Can we get back to normal now? Can we get down to addressing the myriad problems that plague us? Can our feet touch the ground and our minds grasp reality?
Being in Washington this past week has been like living in a dream world where everyone's excited, happy, rich, starry-eyed, star-studded, and fancy free. This is nothing like the real United States, where stocks have lost trillions of dollars in value, credit is ridiculously tight, unemployment is at record highs, houses are being ripped out from under defaulting owners, and jobs do not exist.
The deification of Barack Obama has elevated him above the aurora borealis, beyond the Milky Way, and to points unknown. Whatever goes up must come down, and when he does, the crash could be atomic.
I see two potential disasters emanating from this fantasy state. First, it could strain race relations to a point where they have not been for years. Second, overblown expectations for a completely untested president could crash and squander his immense public support much more quickly than might otherwise occur.
On the race front, I'm not sure whether to blame the media, the Democrats, African-Americans, or all Americans, but to many people, the constant allusions to President Obama fulfilling Dr. Martin Luther King Jr.'s dream and some people's claim that he is "our man" serve to deepen racial divisions, not erase them, as Obama himself has sought to do. In the words of columnist and author Mitch Albom, on the meaning of Inauguration Day:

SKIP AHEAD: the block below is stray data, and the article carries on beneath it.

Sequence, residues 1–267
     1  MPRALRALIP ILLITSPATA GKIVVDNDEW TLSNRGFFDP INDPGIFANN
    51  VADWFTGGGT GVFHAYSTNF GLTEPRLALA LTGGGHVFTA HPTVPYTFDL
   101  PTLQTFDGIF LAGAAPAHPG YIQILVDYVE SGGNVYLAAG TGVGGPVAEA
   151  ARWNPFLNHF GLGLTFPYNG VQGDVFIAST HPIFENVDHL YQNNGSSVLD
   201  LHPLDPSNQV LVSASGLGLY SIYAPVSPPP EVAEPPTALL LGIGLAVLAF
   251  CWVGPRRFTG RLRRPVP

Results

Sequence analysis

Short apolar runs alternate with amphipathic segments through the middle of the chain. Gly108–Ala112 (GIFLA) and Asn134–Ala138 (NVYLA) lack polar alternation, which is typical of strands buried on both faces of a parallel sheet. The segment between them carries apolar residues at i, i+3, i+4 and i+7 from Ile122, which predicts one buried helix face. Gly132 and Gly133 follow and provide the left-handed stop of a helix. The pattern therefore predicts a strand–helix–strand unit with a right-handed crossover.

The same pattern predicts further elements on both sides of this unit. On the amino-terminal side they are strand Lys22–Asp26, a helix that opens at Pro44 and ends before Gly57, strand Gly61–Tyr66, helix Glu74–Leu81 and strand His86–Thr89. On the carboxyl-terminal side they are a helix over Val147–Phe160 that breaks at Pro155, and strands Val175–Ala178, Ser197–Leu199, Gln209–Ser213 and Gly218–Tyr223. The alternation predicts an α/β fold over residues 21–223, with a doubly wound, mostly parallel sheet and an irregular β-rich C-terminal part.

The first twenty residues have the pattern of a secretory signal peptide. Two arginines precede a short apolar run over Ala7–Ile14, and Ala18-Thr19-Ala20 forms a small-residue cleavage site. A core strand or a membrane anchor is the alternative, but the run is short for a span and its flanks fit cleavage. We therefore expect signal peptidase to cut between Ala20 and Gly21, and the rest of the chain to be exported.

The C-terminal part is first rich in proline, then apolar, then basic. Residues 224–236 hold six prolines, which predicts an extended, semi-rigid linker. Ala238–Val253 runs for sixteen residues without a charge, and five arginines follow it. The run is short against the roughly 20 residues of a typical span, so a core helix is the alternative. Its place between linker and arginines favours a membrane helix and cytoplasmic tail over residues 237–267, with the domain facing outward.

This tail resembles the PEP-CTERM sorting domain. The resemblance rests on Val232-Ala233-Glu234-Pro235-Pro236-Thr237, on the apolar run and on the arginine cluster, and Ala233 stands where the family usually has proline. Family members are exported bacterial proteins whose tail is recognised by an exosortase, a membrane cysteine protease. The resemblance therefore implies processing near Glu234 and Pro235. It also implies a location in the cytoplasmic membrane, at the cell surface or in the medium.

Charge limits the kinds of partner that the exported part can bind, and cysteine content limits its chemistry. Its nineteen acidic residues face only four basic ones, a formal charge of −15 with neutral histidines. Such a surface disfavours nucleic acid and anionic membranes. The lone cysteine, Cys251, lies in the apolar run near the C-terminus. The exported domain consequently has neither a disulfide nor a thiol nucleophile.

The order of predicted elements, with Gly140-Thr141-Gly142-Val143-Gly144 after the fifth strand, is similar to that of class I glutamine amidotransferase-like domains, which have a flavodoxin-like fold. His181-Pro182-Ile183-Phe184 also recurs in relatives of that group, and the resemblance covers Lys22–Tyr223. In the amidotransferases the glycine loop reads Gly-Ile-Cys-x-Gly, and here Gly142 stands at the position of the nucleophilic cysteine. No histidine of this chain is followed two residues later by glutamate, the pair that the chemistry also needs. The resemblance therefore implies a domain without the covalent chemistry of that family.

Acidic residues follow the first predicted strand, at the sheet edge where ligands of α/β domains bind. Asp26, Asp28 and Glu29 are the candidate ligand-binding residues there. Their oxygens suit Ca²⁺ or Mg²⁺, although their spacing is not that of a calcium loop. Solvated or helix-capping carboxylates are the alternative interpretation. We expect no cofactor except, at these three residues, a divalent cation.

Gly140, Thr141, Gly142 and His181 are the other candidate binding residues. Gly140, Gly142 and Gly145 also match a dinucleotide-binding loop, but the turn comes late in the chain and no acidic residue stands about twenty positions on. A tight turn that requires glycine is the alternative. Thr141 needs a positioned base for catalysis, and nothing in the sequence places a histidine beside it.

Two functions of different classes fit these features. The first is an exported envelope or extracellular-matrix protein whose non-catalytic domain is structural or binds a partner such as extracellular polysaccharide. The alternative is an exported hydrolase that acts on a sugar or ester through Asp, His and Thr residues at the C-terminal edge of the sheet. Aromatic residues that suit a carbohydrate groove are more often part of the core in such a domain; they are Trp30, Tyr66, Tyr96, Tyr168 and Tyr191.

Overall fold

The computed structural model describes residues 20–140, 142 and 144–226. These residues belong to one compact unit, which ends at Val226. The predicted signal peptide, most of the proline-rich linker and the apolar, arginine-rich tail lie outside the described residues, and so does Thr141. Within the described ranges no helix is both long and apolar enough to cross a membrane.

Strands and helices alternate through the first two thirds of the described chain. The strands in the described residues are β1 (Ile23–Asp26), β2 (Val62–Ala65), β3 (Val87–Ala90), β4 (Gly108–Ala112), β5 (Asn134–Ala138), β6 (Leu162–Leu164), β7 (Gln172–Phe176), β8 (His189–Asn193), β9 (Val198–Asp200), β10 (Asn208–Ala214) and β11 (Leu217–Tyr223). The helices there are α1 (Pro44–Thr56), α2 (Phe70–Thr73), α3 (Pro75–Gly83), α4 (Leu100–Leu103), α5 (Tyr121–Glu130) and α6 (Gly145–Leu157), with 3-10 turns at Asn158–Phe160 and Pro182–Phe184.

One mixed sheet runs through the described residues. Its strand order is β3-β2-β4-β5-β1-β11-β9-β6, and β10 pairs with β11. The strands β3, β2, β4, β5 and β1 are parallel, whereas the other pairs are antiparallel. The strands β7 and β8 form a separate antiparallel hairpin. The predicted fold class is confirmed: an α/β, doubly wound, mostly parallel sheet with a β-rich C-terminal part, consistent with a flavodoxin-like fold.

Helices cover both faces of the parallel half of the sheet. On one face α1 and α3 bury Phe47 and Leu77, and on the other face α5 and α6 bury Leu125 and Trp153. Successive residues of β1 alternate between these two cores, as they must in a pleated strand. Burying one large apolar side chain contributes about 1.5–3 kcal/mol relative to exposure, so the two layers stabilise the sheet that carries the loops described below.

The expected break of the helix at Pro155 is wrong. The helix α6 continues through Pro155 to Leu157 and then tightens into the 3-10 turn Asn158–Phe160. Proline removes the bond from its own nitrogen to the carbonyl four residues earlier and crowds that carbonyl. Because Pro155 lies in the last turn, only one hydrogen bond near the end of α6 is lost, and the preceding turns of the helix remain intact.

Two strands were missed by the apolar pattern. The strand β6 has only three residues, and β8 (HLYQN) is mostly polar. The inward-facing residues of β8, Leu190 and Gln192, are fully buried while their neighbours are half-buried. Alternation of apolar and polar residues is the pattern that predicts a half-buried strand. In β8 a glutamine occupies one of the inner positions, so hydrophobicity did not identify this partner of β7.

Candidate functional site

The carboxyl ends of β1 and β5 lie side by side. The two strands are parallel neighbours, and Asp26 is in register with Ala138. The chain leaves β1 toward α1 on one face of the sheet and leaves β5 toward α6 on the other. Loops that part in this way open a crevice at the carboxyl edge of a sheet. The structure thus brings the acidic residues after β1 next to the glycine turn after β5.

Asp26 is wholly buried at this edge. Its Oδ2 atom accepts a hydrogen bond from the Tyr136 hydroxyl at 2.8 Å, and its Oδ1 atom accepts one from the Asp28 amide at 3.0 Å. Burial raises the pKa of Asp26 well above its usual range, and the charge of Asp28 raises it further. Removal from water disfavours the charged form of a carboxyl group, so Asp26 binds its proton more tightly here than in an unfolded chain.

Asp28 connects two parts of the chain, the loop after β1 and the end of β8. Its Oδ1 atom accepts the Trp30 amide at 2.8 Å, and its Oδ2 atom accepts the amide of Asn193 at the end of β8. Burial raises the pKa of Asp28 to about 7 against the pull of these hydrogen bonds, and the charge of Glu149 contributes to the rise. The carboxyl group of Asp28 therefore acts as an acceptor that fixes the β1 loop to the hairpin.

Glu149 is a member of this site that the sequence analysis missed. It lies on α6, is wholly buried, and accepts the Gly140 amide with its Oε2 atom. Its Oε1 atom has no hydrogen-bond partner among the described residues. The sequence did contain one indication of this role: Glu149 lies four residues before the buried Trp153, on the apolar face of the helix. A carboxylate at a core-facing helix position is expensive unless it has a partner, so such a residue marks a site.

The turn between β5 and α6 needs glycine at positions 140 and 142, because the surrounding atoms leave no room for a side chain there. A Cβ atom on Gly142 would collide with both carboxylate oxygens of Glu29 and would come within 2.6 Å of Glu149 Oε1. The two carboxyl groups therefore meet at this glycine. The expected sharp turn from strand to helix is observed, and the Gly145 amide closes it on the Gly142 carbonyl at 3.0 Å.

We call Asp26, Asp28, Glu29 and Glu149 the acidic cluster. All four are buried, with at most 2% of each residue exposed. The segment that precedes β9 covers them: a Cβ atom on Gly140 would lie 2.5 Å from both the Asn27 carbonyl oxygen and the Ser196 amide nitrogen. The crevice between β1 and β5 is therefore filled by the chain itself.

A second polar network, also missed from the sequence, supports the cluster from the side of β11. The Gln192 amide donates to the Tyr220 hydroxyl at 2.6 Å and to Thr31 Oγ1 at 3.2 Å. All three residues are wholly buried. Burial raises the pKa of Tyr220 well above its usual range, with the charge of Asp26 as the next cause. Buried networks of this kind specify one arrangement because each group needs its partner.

If you're happy because Obama is half-black, and now black issues will be moved to the forefront—then today is nothing to celebrate, because you are breaking things down by race, and once you do that, it doesn't matter which color you prefer, it's still myopic, and it's not unity.
I had a frank discussion about race and Obama's inauguration with a close African-American friend. She explained that because white people did not suffer through slavery, we could not possibly understand the way African-Americans feel about President Obama's historic win. She added that, for the first time in her life, she felt being African-American was an advantage rather than a disadvantage, and "that feels good."
I would never prejudge how it feels to be a member of any group to which I do not belong. But I do know if any other ethnic group (Hispanics, Latinos, Jews, Italians, Arabs, etc.) were celebrating in similar fashion, nonmembers would feel excluded and divided. What we all need to feel now is united.